New Century Club (Philadelphia)

From Wikipedia, the free encyclopedia
New Century Club, Philadelphia

The New Century Club of Philadelphia, Pennsylvania was founded in 1877. It was one of the first women's clubs in the United States, and included professional women as well as women active in women's rights and the abolition movement.



In 1876 the Centennial Exposition was held in Philadelphia and had a Women's Pavilion, which was the springboard for the creation of the New Century Club in January 1877.[1] In 1879 it was incorporated, one of the nine incorporators was Emily Sartain.[2]

One of the first women's clubs in the United States,[3] its purpose was to provide a meeting place for its members and to promote "science, literature and art."[4] The club, described as a "centre of thought and action among women" in its constitution, initially offered programs to help educate and aid working women and to address municipal concerns, and later into social reform.[2] It focused on issues affected women and children – like child labor laws, education, and legal defense – and other civic and cultural issues.[3] Committees in 1894 included Club Organization, Education, Study, Library, Reception, Entertainment, Working Woman's Guild, Public Interests, Legal Protection of Working Women, and the Browning Society.[4] Although the club avoided public controversy by downplaying involvement in "radical" causes such as the suffrage movement, its members were active in a wide range of reforms.[2]

The New Century Club was declared in Philadelphia's Cultural Landscape: The Sartain Family Legacy (2000) to be "an influential early manifestation of the woman's club movement that swept through the country at the turn of the century. This movement brought thousands into associations where they met other ambitious, energetic women, developed organizational and leadership skills, and articulated a belief in social welfare and urban improvement that anticipated much Progressive Era social reform."[2] It served as a support for professional women until individual, profession based organizations for women, such as The Plastic Club for artists and the Women's Homeopathic Medical Club, were founded starting in the 1890s.[5]


The club founders included professional women and women who had been active in women's rights and the abolition movement.[2] One of the founders was Sarah Catherine Fraley Hallowell, a journalist with the Philadelphia Ledger, was the club's first president. Other founding members were Elizabeth Croasdale and Emily Sartain, who were pass and contemporary school principals at the Philadelphia School of Design for Women; writer Eliza Sproat Turner;[2] veteran campaigner Mary Grew[6] and physician and later dean of Woman's Medical College of Pennsylvania, Clara Marshall. Turner became the club's third president.[2] Initially there were 40 members and by 1879 there were 120 members and the club was located on Girard Street in Philadelphia.[4]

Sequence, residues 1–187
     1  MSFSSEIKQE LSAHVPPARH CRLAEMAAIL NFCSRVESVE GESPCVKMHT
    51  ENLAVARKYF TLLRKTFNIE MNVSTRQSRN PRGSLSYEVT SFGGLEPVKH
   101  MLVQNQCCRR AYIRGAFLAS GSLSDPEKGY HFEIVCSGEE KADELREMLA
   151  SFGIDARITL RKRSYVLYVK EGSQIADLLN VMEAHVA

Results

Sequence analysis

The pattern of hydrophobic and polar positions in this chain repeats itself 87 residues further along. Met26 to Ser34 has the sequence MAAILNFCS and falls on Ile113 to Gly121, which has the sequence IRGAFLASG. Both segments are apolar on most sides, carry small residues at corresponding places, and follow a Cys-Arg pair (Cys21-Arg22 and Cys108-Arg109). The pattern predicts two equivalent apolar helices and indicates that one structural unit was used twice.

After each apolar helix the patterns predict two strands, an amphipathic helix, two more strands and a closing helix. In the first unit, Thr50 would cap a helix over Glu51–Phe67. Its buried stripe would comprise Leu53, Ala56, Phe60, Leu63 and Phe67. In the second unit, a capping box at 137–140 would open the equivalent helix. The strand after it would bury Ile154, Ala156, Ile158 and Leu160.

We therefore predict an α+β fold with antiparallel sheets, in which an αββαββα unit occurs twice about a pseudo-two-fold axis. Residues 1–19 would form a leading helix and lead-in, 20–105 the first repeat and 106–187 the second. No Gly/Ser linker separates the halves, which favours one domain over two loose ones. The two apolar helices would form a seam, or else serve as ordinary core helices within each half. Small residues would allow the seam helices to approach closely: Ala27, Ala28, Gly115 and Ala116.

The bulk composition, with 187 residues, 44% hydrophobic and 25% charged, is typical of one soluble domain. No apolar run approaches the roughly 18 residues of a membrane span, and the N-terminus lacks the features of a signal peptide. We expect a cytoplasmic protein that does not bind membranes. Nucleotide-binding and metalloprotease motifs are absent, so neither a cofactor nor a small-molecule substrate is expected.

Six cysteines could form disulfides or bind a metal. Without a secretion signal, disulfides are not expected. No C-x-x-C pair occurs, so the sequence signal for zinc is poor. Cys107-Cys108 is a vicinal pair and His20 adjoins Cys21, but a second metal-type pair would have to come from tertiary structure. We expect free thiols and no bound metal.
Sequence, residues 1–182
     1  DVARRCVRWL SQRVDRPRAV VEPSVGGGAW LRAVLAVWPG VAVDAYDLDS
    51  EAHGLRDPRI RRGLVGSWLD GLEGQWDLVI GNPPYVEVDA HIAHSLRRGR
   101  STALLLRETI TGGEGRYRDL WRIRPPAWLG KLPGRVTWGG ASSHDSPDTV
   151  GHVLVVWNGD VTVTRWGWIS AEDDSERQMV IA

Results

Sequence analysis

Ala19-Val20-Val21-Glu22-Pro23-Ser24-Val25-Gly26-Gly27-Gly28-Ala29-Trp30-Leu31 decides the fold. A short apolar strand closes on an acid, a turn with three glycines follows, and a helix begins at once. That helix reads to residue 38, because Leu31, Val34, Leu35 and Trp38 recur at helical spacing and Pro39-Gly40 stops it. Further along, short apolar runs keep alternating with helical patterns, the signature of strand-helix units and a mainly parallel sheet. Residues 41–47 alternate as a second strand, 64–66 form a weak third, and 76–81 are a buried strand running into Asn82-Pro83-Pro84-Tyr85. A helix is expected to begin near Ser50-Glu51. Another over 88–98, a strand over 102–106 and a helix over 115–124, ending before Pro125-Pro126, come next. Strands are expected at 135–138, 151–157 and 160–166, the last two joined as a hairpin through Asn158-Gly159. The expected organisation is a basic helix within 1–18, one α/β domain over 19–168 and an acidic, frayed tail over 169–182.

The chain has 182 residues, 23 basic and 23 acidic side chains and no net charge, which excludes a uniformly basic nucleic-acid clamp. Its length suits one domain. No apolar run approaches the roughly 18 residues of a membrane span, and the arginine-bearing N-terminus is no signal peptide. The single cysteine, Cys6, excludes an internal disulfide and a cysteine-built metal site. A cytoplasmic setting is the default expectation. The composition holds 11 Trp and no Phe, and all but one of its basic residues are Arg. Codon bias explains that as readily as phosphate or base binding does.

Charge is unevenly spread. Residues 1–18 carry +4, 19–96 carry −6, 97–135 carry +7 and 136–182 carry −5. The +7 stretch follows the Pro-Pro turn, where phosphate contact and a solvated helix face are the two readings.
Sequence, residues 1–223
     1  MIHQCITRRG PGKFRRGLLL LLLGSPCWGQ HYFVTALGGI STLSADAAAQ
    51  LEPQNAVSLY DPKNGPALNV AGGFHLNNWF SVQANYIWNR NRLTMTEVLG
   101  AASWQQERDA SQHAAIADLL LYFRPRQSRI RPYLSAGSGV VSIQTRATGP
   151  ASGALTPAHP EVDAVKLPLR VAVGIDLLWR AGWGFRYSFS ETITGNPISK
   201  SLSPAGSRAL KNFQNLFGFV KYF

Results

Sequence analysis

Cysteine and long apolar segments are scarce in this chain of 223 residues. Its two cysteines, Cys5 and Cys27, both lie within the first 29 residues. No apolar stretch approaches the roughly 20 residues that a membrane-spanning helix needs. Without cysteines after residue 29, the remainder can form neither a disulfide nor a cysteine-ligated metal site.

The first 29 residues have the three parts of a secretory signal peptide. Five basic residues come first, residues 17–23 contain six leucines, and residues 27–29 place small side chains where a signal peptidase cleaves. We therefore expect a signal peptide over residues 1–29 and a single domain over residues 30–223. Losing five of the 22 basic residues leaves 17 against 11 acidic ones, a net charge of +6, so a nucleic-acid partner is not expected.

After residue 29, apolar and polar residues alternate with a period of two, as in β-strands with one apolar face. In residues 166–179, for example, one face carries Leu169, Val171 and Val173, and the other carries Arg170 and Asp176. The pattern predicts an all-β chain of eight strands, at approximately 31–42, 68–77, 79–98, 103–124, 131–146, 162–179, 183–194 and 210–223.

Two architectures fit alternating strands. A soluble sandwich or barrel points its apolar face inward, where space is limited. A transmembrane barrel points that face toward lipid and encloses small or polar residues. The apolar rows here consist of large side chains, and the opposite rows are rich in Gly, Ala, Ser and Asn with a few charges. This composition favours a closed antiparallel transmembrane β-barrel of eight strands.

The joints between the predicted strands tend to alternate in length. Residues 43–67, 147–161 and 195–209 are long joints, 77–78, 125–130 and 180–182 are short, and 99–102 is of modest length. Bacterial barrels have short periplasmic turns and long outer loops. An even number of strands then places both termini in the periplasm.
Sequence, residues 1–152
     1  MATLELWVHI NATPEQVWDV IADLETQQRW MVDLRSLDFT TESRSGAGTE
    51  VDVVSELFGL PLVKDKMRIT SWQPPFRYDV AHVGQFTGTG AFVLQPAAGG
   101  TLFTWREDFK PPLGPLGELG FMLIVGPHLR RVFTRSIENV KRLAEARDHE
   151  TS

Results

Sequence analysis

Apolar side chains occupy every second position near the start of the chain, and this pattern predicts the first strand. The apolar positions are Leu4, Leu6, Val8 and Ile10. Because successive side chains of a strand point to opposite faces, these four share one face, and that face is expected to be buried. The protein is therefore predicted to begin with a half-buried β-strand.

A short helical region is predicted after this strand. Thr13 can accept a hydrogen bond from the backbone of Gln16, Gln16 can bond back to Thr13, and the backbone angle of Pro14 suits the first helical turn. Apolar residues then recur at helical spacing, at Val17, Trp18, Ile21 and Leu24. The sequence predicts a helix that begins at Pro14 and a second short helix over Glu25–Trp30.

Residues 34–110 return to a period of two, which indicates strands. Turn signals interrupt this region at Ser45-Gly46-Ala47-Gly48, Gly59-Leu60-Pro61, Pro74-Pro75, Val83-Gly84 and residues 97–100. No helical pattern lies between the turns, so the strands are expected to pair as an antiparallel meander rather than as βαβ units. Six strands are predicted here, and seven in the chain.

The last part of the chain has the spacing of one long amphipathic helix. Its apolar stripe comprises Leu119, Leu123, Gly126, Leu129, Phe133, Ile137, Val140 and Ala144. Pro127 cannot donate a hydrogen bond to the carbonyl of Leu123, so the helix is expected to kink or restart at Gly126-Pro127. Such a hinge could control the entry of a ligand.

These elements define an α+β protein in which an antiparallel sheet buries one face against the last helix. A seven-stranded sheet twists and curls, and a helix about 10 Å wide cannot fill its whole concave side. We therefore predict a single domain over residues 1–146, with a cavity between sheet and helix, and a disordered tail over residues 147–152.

New Century Guild[edit]

In 1882, Eliza Sproat Turner and other members formed a committee for working women named the New Century Guild. Its purpose was to provide education and opportunities for working women to learn a vocation. Soon after the Guild became a separate organization and it needed its own building by 1892 to support programs and classes. The New Century Trust was formed in 1893 to facilitate funding for its first building.[1]


The club moved to a larger place at 1520 Chestnut Street in the Baker Building for the 400 member organization and began plans for an even larger place at 124 Twelfth Street. Architect Minerva Parker Nichols designed a club house of Italian Renaissance architecture, of Indiana limestone and Pompeiian brick at and estimated cost of $80,000. The building had parlors, committee rooms, a library, and a six hundred person capacity drawing room. Gabrielle D. Clements created murals symbolizing Charity, Labor, Science and Art. The effort was led by the club's president, Mrs. Henry C. Townsend.[4]


  1. ^ a b "New Century Trust". Hidden City Philadelphia. Retrieved October 16, 2014.
  2. ^ a b c d e f g Katharine Martinez; Page Talbott; Elizabeth Johns (2000). Philadelphia's Cultural Landscape: The Sartain Family Legacy. Temple University Press. p. 144. ISBN 978-1-56639-791-9.
  3. ^ a b Evelyn Bodek Rosen (2000). The Philadelphia Fels, 1880-1920: A Social Portrait. Fairleigh Dickinson Univ Press. p. 134. ISBN 978-0-8386-3823-1.
  4. ^ a b c d Philadelphia Chamber of Commerce; Frank Hamilton Taylor (1894). The City of Philadelphia as it Appears in the Year 1894: A Compilation of Facts Supplied by Distinguished Citizens for the Information of Business Men, Travelers, and the World at Large. G. S. Harris & sons. pp. 129–130.
  5. ^ Katharine Martinez; Page Talbott; Elizabeth Johns (2000). Philadelphia's Cultural Landscape: The Sartain Family Legacy. Temple University Press. pp. 144–145. ISBN 978-1-56639-791-9.
  6. ^ Mary Grew in "Woman of the Century", Willard and Livermore, page 371, 1893

Further reading[edit]